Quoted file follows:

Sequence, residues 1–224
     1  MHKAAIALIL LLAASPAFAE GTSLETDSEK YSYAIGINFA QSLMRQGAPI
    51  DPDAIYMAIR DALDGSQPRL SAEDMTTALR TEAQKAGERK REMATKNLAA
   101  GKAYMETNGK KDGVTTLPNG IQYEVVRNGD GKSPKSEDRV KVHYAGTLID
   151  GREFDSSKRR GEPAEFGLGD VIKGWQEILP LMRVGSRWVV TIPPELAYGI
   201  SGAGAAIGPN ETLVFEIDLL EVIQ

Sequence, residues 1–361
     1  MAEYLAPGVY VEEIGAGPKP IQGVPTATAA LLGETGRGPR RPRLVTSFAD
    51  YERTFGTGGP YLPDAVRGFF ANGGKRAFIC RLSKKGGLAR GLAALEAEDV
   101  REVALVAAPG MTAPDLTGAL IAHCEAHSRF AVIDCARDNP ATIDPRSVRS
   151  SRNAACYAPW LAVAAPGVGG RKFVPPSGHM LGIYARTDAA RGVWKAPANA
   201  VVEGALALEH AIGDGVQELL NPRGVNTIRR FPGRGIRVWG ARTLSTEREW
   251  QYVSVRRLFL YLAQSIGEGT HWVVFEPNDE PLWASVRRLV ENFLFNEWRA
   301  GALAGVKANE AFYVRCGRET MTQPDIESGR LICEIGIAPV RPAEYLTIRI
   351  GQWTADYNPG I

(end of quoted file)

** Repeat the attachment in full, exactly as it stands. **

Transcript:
Sequence, residues 1–224
     1  MHKAAIALIL LLAASPAFAE GTSLETDSEK YSYAIGINFA QSLMRQGAPI
    51  DPDAIYMAIR DALDGSQPRL SAEDMTTALR TEAQKAGERK REMATKNLAA
   101  GKAYMETNGK KDGVTTLPNG IQYEVVRNGD GKSPKSEDRV KVHYAGTLID
   151  GREFDSSKRR GEPAEFGLGD VIKGWQEILP LMRVGSRWVV TIPPELAYGI
   201  SGAGAAIGPN ETLVFEIDLL EVIQ

Sequence, residues 1–361
     1  MAEYLAPGVY VEEIGAGPKP IQGVPTATAA LLGETGRGPR RPRLVTSFAD
    51  YERTFGTGGP YLPDAVRGFF ANGGKRAFIC RLSKKGGLAR GLAALEAEDV
   101  REVALVAAPG MTAPDLTGAL IAHCEAHSRF AVIDCARDNP ATIDPRSVRS
   151  SRNAACYAPW LAVAAPGVGG RKFVPPSGHM LGIYARTDAA RGVWKAPANA
   201  VVEGALALEH AIGDGVQELL NPRGVNTIRR FPGRGIRVWG ARTLSTEREW
   251  QYVSVRRLFL YLAQSIGEGT HWVVFEPNDE PLWASVRRLV ENFLFNEWRA
   301  GALAGVKANE AFYVRCGRET MTQPDIESGR LICEIGIAPV RPAEYLTIRI
   351  GQWTADYNPG I